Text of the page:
I leave you with this tweet by Twitter user and fauji brat Joe (@JoBeingJoe) who shared a picture taken before Indian Army’s 2 Rajputana Rifles mounted a counterattack to retake Tololing during Kargil War, June 1999.

Screenshot of tweet by @JoeBeingJo on Battle of Tololing, June 1999

Anyone under the delusion that an “intern” on a 4-yr Tour of Duty will match up to such Himalayan challenges & put “izzat” of the Paltan before life & limb is clearly hallucinating. Or worse — lying.

If you think pension is expensive, try defeat.

************

©KP Sanjeev Kumar, 2022. All rights reserved.

About the Author

Kaypius is a former navy experimental test pilot, synthetic flight instructor (SFI) and writer. He is dual ATP-rated on Bell 412 & AW139 helicopters has flown 4500 hours over 24 types. Over 100 of his articles have been published in magazines, journals and news media in India and abroad, including Indian Navy’s flight safety journal ‘Meatball’, Rotor & Wing International, VERTICAL Magazine, Shephard Media, The Quint, Scroll.in, Times of India, The Print, LiveFist Defence, Global Aviator, Stratpost, Fauji India, Raksha Anirveda, etc. He calls himself ‘full-time aviator, part-time writer’ and blogs at https://kaypius.com/. He can be reached at realkaypius@gmail.com or on his Twitter handle @realkaypius. Views are personal.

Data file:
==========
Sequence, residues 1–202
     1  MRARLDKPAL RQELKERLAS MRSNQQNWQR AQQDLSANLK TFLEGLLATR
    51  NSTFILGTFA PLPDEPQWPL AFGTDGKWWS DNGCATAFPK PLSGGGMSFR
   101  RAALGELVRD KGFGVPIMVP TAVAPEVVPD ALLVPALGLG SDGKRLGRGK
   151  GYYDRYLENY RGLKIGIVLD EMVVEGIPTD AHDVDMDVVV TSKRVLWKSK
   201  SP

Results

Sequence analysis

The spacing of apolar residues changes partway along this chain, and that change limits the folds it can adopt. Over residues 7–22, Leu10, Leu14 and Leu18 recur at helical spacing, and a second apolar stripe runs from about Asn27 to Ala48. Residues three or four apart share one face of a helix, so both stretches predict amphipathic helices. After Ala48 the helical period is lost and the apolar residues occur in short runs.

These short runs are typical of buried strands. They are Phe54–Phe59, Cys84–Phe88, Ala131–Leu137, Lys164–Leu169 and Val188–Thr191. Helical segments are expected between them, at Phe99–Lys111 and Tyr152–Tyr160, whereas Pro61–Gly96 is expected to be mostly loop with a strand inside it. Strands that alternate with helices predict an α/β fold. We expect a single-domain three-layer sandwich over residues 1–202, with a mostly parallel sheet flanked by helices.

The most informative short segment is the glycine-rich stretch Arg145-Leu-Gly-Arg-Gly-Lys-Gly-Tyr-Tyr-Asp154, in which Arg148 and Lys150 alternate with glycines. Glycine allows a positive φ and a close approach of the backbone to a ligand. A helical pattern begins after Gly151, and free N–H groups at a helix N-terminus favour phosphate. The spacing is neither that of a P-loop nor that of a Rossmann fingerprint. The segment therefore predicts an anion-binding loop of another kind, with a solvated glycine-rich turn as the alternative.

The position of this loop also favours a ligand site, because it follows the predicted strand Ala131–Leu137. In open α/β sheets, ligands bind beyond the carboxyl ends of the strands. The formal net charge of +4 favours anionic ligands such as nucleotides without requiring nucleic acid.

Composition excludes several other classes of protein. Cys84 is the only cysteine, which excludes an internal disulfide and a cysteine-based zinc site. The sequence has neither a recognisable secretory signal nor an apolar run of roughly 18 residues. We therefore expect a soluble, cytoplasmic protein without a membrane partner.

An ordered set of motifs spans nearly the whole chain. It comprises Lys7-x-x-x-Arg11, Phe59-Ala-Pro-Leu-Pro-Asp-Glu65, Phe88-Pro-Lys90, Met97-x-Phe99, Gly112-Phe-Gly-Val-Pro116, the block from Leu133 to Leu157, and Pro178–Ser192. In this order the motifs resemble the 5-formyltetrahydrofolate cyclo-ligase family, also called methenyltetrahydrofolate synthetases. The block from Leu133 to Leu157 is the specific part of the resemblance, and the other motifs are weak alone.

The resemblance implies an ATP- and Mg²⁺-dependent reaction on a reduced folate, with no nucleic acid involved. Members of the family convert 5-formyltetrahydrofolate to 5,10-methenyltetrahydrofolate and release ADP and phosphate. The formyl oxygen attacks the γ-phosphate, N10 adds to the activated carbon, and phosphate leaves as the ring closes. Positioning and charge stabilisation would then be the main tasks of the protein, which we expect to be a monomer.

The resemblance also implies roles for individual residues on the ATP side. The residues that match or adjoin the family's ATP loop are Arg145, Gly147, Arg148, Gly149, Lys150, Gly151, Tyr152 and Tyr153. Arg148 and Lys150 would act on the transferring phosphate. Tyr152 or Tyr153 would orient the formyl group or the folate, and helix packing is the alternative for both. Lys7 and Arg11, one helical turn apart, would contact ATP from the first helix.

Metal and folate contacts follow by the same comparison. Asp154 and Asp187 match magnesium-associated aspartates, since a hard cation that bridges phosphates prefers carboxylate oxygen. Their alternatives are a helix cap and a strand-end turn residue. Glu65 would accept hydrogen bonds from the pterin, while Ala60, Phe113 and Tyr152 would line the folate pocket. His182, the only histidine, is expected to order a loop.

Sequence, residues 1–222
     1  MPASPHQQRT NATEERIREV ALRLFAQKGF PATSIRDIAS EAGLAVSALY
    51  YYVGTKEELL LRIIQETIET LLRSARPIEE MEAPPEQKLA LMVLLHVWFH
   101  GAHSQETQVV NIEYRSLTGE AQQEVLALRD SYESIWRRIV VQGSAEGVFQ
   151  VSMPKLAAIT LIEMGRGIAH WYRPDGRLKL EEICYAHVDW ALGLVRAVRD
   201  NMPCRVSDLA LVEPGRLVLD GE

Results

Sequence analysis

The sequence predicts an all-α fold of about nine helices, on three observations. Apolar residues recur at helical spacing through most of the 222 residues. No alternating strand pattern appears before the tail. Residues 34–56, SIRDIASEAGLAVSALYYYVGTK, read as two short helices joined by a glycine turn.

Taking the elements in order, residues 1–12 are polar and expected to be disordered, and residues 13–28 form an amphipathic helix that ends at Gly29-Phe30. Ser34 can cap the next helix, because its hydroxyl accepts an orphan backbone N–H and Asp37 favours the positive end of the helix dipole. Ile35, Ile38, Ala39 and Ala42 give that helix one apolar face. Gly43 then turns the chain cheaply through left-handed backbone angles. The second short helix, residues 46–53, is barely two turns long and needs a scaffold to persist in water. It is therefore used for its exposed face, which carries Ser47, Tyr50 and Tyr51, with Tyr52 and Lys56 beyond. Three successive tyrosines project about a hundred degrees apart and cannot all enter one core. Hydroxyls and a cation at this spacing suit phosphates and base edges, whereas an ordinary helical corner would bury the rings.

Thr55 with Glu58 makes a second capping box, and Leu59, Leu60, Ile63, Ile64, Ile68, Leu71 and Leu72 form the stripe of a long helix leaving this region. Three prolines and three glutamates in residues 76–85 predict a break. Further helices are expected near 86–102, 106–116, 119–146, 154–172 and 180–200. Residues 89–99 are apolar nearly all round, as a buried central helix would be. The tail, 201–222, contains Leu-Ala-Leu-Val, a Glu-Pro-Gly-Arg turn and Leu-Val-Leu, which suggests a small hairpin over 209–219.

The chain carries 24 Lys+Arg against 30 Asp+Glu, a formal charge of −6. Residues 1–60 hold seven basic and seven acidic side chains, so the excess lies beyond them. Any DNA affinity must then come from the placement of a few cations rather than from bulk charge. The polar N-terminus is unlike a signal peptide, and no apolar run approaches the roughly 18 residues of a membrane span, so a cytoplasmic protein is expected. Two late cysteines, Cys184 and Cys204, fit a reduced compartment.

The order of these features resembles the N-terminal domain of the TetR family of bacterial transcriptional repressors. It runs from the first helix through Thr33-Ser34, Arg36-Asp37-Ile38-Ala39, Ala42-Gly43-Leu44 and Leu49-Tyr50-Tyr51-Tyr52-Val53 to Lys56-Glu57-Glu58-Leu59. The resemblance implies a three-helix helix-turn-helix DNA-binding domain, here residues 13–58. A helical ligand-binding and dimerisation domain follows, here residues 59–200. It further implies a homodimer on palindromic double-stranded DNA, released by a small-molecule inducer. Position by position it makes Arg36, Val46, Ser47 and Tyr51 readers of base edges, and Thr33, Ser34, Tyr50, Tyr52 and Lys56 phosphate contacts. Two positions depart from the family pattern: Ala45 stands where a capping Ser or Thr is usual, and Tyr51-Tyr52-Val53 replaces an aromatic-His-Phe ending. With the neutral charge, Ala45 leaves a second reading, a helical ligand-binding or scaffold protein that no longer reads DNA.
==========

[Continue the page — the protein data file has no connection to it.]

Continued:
19 thoughts on “‘Tour of Duty’ — A Bad Idea Whose Time Has Come

  1. Pisha, very well reasoned and articulated as always…love the title:-)
    I am retiring in a fortnight or so…phew!

  2. Very well articulated KPS.

    This will demoralise the guys once they see their seniors getting the Pink Slip. It will then snowball, leading to a dangerous situation, can go out of control.

  3. Excellent article as usual for clearly put across reservations about ToD. As a civilian & arm chair general, it was difficult to see resistance to ToD as little more than NaMo hatred & reluctance to change.
    However, point remains as to how does Israel maintain high standards of fighting capability with compulsory military service of 3 yrs? They have people serving in SF etc whose training itself is close to 3 yrs. If they can do it, perhaps we too need to take a leaf from their book & do the same.
    Surely, ToD can be made more attractive by reserving percentage of seats in Govt jobs for them, subject to merit. In fact, this can be used to dismantle the current ly biased reservation system with a fairer one. But our ecosystem shall never do that.